Despite the lack of an EFSA health claim in Europe for “probiotics” and EU authorities restricting use of the term on labels, more European countries are moving to allow its use, notably Spain, Denmark, Italy, Greece, Poland, the Czech Republic, the Netherlands, and Bulgaria.
France recently joined this club, allowing the term “probiotic” to be used on food supplement labels together with the wording "contributes to the balance of the intestinal flora" so long as products meet certain conditions, such as a minimum number of living cells per daily dose.
The approval of the claim will strengthen the messaging behind the top two most developed health benefits probiotic supplements in France (see chart below), and it should help industry to re-popularise the concept of the intestinal balance (and perhaps even microbiome diversity) being beneficial to overall health.
We expect the claim will also strengthen immunity-related probiotics given that so much of our immune system is found in the gut.
The take home here is that product positioning for the general “wellness” consumer will be supported, but the “symptom” consumer will have to wait...
Probiotic food supplements still represent a small part of the overall European probiotics market, which was valued at €9 billion in 2021 (supplements accounted for €1.4 billion), with a growth rate of 9% for the period 2018-2021, according to IPA Europe.
However, online sales of probiotic supplements in 8 EU countries* have surged in recent years, with data from Lumina Intelligence predicting a 20% YoY growth to yield sales of almost €142 million (US$150 million), and that was after 27% YoY growth reported in 2021.
Italy dominates with 38% of the e-commerce sales, equal to Germany and France combined. In half of the researched EU countries, e-commerce delivers already close to a quarter of the overall retail sales of probiotic supplements.
The delivery opportunity
Capsules dominate with 55% of the market (June 2022, Lumina Intelligence), with packets, sachets, sticks a distant second with 12%. Interestingly, gummies and chewables are a tiny section of the European online market, representing less than 5% of all SKUs. In contract, gummies and chewables are over 12% of the market in the US, ranking 2 and 3 on the list behind capsules.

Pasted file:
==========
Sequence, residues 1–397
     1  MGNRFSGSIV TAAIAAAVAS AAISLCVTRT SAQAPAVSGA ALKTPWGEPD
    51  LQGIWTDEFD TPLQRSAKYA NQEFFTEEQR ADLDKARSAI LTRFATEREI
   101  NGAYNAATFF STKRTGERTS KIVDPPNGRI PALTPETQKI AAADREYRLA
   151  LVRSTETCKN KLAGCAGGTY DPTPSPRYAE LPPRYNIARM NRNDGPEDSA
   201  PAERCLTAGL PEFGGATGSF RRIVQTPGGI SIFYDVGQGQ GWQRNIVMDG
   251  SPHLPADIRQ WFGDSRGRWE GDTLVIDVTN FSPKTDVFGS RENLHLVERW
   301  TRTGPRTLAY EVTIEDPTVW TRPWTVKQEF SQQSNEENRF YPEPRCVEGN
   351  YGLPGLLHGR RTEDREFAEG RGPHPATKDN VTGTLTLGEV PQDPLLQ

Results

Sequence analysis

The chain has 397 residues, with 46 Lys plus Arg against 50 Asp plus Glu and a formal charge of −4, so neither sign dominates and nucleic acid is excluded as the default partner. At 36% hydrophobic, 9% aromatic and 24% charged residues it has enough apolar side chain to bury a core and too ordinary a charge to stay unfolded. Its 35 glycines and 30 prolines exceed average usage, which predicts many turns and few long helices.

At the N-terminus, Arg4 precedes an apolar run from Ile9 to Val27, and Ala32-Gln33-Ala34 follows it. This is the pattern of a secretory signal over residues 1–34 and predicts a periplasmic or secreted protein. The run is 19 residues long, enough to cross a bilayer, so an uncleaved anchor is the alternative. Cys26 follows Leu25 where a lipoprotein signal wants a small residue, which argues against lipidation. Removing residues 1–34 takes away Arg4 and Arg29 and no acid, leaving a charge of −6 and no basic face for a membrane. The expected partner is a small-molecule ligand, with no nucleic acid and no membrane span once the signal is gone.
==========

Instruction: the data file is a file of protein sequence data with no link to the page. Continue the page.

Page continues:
Digging into the data some more reveals some interesting between-country differences, with Finland the most advanced market for chewables, which make up 16.9% of that country’s SKUs online, according to Lumina. The next most developed market for chewables is Italy, where the format represents 6.9%. The only other European countries tracked by Lumina where market share for chewables and/or gummies is over 5% are Sweden (5.6%) and Belgium (5.3%).
Gummy supplements are reportedly the preferred delivery system for consumers aged 18-25, with a high preference for the products also seen in the 26–35-year-old group, according to Innova Market Insights, such formats offer opportunities for probiotics.
The postbiotics opportunity…
Formulators and marketers also need to factor in consumer understanding, and here work still needs to be done. For example, a survey of 8,000 consumers across eight European countries commissioned by IPA–Europe and performed by 3Gem** highlighted the impact of the restrictions around use of the term and the level to which consumers feel informed about the beneficial microorganisms. Indeed, the survey found that consumers in seven out of the eight countries reported that did not feel informed about probiotics contained in commercial products.
Lumina has also started tracking postbiotic supplements in the online space, an initiative complicated by the fact that the term “postbiotic” is rarely used, being replaced by other terms such lysates, heat-killed strains, parabiotics, short-chain fatty acids, fermentates, and many more.
While the emergence of postbiotics creates further challenges to the overall sector as consumers are exposed to yet another -biotics term, postbiotics lend themselves to greater inclusion in gummies and chewables, compared to probiotics, which need to remain viable and therefore spore-forming strains or encapsulation techniques are typically employed.
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